20 Shots: The Navigator (1924)


It’s been bothering me that I’ve been unable to attend Trylon Microcinema’s Buster Keaton series (the best way to see silent films: on a big screen, with an audience, and with live musicians). That, along with tracking down a copy of Rudi Blesh’s magnificent Keaton biography (discovered on The Dancing Image’s regularly updated Movie Bookshelf) inspired me to have a Keaton DVD marathon of my own at Casa Surface Noise. With a treasured copy of The Art of Buster Keaton box set I’ve been able to revisit (or in some cases see for the first time) two reelers including The Playhouse, Cops, and The Frozen North, as well as the features Our Hospitality, Sherlock Jr., Battling Butler and The Navigator.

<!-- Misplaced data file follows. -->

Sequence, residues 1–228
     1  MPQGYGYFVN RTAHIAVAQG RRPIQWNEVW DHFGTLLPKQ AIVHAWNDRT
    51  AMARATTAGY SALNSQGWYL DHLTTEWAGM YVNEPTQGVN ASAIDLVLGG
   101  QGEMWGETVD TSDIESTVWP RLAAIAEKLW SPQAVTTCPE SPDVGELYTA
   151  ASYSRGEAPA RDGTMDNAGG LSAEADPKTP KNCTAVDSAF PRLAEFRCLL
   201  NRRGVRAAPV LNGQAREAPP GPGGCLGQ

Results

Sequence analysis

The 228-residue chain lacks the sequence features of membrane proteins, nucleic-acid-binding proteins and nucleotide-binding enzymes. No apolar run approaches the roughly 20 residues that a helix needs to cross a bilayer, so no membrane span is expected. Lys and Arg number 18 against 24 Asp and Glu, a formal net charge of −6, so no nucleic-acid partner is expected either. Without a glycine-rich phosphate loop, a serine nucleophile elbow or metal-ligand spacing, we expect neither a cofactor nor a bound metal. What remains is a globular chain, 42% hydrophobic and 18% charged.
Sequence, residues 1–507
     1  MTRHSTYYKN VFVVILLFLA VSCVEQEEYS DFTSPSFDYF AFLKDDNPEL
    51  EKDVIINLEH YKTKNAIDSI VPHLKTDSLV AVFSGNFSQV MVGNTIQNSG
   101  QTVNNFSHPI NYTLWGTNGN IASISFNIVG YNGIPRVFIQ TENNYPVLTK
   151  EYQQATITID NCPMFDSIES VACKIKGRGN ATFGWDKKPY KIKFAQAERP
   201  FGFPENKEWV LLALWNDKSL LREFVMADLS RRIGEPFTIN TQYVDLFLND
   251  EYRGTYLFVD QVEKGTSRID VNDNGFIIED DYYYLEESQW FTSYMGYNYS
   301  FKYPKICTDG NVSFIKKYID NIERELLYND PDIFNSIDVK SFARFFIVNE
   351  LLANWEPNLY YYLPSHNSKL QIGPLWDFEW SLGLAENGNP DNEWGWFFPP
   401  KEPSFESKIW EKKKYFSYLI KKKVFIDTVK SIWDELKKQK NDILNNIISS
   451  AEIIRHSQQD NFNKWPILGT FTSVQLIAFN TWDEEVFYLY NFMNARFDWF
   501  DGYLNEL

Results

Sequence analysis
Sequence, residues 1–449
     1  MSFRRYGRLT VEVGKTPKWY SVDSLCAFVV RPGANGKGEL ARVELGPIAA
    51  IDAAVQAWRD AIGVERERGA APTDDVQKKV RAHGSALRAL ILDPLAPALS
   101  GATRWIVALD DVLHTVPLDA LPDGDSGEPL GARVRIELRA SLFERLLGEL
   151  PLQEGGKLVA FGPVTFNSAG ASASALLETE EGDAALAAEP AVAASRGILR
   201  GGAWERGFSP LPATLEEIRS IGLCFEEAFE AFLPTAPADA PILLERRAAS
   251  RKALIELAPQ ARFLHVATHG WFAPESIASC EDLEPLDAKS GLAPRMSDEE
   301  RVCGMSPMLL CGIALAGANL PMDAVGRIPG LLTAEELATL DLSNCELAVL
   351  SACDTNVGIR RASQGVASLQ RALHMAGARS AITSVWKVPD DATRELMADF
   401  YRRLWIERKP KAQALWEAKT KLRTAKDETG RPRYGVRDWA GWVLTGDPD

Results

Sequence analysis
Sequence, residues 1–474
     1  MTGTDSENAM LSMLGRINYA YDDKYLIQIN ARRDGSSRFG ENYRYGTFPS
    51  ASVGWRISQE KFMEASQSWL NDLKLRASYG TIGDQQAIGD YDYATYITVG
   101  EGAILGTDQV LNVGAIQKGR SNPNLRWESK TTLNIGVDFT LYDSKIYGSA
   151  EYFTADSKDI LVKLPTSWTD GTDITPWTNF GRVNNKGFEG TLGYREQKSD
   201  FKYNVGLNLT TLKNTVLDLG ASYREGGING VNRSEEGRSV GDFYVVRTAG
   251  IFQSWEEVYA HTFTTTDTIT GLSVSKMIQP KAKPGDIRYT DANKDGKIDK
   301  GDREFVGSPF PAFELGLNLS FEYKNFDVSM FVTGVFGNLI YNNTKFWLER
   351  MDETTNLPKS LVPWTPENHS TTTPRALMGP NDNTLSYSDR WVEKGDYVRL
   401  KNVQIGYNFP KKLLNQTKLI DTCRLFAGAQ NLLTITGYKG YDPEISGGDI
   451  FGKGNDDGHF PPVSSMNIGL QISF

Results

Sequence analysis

The Navigator, despite being marred by the arrival of a bevy of un-PC cannibals at the film’s conclusion, is for the most part a brilliant merger of the minimal (a two character melodrama) and the maximal (the set is an abandoned ocean liner adrift at sea). Through a few twists of fate Rollo Treadway finds himself stranded in the middle of the ocean with Betsy O’Brien (fearlessly played by Kathryn McGuire), the woman who had just turned down his impetuous proposal of marriage. Conspired against by both nature and man made machinery, the thrown-together couple are nevertheless beginning to tame both (in the madly resourceful Keaton manner) when all hell breaks loose, yet fate steps in once again to save the day.


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